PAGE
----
US20090238041A1 - Systems and Methods For Monitoring Time-Dependent Subsurface Changes - Google Patents

Systems and Methods For Monitoring Time-Dependent Subsurface Changes Download PDF

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US20090238041A1
US20090238041A1 US12/054,159 US5415908A US2009238041A1 US 20090238041 A1 US20090238041 A1 US 20090238041A1 US 5415908 A US5415908 A US 5415908A US 2009238041 A1 US2009238041 A1 US 2009238041A1
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Stewart A. Levin
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    • GPHYSICS
    • G01MEASURING; TESTING
    • G01VGEOPHYSICS; GRAVITATIONAL MEASUREMENTS; DETECTING MASSES OR OBJECTS
    • G01V1/00Seismology; Seismic or acoustic prospecting or detecting
    • G01V1/28Processing seismic data, e.g. analysis, for interpretation, for correction
    • G01V1/36Effecting static or dynamic corrections on records, e.g. correcting spread; Correlating seismic signals; Eliminating effects of unwanted energy
    • G01V1/364Seismic filtering
    • GPHYSICS
    • G01MEASURING; TESTING
    • G01VGEOPHYSICS; GRAVITATIONAL MEASUREMENTS; DETECTING MASSES OR OBJECTS
    • G01V2210/00Details of seismic processing or analysis
    • G01V2210/60Analysis
    • G01V2210/61Analysis by combining or comparing a seismic data set with other data
    • G01V2210/612Previously recorded data, e.g. time-lapse or 4D

Abstract

Systems and methods for monitoring time-dependant subsurface changes from imperfectly repeated data measurements.

Description

    CROSS-REFERENCE TO RELATED APPLICATIONS
  • Not applicable.
  • STATEMENT REGARDING FEDERALLY SPONSORED RESEARCH
  • Not applicable.
  • FIELD OF THE INVENTION
  • The present invention generally relates to systems and methods for monitoring subsurface changes over time. More particularly, the present invention relates to monitoring time-dependent subsurface changes from imperfectly repeated data measurements.
  • BACKGROUND OF THE INVENTION
  • In the field of earth sciences, seismic sounding is used for exploring the subterranean geology of an earth formation. The acquisition of seismic data is typically accomplished by transmitting an acoustic signal into the earth and recording reflections of the signal. The layers of rock within the earth differ in their acoustic properties and these changes in properties produce different reflections of the seismic signal. Data acquisition therefore, involves energy sources generating signals propagating into the earth and reflecting from subsurface geological structures. The reflected signals are recorded by receivers on or near the surface of the earth. The reflected signals are stored as time series (pre-stack seismic traces) that consist of amplitudes of acoustic energy, which vary as a function of time, receiver position and source position. Because subsurface geological structures are different, depending on formation layers within the earth, the variation in the amplitudes of the reflected acoustic signals are indicative of the physical properties of these structures from which the signals reflect. A similar technique can be used for offshore oil and gas exploration. In either application, subsurface sedimentary structures that trap oil, such as faults and domes, are mapped by the reflective signals.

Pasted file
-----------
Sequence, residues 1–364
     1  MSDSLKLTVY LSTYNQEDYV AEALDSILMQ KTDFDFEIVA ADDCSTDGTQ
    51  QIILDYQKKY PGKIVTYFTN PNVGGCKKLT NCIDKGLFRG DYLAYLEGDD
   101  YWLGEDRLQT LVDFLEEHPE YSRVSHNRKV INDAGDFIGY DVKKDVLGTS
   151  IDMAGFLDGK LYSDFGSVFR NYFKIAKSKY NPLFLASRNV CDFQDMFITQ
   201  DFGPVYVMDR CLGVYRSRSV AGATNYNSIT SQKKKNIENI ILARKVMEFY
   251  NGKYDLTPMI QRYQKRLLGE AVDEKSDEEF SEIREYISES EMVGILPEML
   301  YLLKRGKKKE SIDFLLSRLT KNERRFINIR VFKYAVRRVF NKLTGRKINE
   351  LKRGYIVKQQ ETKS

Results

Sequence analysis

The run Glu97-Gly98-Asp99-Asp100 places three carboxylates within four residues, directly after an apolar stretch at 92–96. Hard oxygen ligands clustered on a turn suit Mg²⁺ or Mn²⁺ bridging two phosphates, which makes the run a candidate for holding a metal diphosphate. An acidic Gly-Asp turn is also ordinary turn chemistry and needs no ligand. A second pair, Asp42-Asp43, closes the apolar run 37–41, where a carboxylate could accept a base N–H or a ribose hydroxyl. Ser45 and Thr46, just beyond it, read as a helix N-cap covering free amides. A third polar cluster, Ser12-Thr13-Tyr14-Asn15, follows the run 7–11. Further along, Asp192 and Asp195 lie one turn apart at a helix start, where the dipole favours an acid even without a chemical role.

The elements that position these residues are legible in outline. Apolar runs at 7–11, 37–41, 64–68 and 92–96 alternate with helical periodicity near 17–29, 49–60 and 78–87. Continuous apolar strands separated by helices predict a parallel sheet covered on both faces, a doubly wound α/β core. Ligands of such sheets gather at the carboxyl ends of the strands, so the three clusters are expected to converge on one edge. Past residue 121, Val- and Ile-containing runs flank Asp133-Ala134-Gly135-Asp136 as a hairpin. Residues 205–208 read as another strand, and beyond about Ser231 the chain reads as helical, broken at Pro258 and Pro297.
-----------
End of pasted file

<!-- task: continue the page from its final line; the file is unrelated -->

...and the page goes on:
• The seismic data are generally processed to create acoustic images from which data interpreters may create images of the subsurface formations. Data processing therefore, involves procedures that vary depending on the nature of the seismic data acquired and the geological structure being interpreted. A single echo (reflection) train is usually called a trace. A trace generally represents a combination of many sinusoidal waves as a function of time. The strength of the recorded reflections rises and falls over a period of several seconds, and is recorded in digital form or converted to digital form for processing and analysis. The variations in the trace generally consist of amplitude characteristics such as peaks, zero crossings and troughs.